Hand in your coats, turn right and you’ll come to the Yeats Rooms.
The two paintings hang side by side on your left. One, The Liffey Swim, is probably one of the most famous modern Irish works. The other, Islandbridge Regatta, its dream-twin.
The Liffey Swim teems with humanity- painted in 1923 this is hopeful vision of a city united after the Civil War.
The familiar shape of Capel Street bridge is a gentle hint of the context for this shared experience. Directly behind us, present but not shown, the shell of the bombed out Four Courts building- it’s broken dome like a cracked egg- still marks the unhealed wounds of a new state. Time and place layer meaning over the images.
Yeat’s composition has us in the action, a bystander craning over the other viewer’s heads. It is as direct a statement as an artist can make- We’re in this together.
And then there is the smaller, more emotionally intense, Islandbridge Regatta. Painted two years later- another sporting event on the Liffey, another view from the bank.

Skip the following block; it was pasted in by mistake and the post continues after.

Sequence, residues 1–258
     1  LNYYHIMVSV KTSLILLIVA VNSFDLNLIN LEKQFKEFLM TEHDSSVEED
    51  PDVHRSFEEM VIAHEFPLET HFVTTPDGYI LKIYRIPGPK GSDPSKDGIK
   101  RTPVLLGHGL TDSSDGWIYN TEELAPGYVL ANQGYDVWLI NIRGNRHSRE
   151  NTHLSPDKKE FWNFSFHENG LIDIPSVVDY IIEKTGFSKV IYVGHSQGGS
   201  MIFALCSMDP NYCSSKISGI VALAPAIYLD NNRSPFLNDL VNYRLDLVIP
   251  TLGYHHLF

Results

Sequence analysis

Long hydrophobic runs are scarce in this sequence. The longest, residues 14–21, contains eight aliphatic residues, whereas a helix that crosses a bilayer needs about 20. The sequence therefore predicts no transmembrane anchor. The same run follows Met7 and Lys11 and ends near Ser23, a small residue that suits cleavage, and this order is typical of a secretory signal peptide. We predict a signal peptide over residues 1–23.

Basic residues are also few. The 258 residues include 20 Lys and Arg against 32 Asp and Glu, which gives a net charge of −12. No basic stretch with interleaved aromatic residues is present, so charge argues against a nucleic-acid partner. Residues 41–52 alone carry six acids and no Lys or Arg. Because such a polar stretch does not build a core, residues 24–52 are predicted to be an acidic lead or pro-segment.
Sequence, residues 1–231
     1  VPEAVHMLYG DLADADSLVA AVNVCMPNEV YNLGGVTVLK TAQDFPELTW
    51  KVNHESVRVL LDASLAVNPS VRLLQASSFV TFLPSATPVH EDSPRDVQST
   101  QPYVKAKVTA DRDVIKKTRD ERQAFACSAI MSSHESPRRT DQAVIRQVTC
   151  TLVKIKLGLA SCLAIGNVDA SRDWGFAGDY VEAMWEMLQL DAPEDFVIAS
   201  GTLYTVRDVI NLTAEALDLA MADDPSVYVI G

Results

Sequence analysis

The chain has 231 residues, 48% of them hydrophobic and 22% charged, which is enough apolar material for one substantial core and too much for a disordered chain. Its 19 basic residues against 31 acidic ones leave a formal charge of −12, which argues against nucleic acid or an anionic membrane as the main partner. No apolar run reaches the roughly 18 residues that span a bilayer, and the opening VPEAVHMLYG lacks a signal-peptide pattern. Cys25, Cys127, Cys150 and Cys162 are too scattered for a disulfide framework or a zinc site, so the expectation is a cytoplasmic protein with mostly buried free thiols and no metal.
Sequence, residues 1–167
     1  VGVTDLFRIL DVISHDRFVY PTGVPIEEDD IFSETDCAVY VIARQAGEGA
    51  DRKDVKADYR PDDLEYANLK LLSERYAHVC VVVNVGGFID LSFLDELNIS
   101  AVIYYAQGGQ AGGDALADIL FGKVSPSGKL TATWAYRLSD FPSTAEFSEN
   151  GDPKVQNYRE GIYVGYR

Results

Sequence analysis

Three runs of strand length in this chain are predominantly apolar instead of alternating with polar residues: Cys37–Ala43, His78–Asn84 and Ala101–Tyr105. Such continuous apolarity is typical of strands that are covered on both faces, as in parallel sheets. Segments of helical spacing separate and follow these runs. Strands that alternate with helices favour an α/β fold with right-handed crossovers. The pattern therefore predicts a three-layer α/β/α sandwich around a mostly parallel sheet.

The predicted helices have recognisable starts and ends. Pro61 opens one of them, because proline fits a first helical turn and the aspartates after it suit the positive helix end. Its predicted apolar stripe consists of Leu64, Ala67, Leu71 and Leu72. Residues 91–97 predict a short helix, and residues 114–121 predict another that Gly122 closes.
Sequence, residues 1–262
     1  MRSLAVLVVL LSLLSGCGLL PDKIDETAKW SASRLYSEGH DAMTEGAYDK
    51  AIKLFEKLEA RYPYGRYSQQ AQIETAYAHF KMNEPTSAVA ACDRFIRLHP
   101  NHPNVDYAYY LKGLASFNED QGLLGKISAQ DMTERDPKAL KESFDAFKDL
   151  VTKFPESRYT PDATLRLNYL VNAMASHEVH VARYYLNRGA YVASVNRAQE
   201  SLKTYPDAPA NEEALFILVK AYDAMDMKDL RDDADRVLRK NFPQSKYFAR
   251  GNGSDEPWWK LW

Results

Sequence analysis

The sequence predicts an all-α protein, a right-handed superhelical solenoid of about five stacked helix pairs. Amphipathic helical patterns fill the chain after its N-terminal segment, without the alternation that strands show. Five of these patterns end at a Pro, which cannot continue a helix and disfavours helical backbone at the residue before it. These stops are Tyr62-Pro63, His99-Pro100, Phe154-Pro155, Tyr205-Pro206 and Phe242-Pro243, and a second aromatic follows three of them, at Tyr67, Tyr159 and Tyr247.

The similarities in composition only make the changes more startling. This is a dream, or perhaps an Aisling, of Dublin undone. The city vanished, omnibus’ become trees. Crowds become a handful of indistinct figures- suggestions of archaic dresses and faces turned away. A woman’s pale neck, her hair yellow, holds our eye.
If the Liffey Swim is the public space of Dublin- a shared experience created from the teeming mass of humanity- then Islandbridge Regatta is all it is not. A still, personal moment in a landscape where people are the exception.
Irish poetic tradition has always had space for the Aishling- dream visions of Irelands lost or that never were. In Islandbridge Regatta Yeats steps back from the Liffey Swim’s recording of the public world. He is starting the journey inwards to the paintings of the imagination- to creating new mysteries and myths to feed the dreams of his new, old country.